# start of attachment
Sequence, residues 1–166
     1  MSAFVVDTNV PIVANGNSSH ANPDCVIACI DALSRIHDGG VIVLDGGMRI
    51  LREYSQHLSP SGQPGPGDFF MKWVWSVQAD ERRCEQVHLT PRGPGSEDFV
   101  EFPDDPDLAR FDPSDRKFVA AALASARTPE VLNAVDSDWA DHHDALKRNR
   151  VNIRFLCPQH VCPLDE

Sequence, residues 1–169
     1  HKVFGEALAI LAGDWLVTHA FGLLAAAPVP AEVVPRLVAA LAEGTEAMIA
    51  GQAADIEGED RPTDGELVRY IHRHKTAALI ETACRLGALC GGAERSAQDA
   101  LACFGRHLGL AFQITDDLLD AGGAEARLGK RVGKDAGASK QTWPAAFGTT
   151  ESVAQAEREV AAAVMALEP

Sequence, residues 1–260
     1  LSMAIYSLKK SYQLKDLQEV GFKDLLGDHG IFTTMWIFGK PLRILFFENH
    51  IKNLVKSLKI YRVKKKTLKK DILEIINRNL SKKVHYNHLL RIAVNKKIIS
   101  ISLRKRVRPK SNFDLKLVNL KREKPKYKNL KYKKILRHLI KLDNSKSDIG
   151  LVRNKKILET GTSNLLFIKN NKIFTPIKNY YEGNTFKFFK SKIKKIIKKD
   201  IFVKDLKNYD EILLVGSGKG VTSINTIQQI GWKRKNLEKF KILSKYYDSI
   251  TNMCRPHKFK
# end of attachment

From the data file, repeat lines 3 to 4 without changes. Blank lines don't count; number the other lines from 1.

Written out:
    51  LREYSQHLSP SGQPGPGDFF MKWVWSVQAD ERRCEQVHLT PRGPGSEDFV
   101  EFPDDPDLAR FDPSDRKFVA AALASARTPE VLNAVDSDWA DHHDALKRNR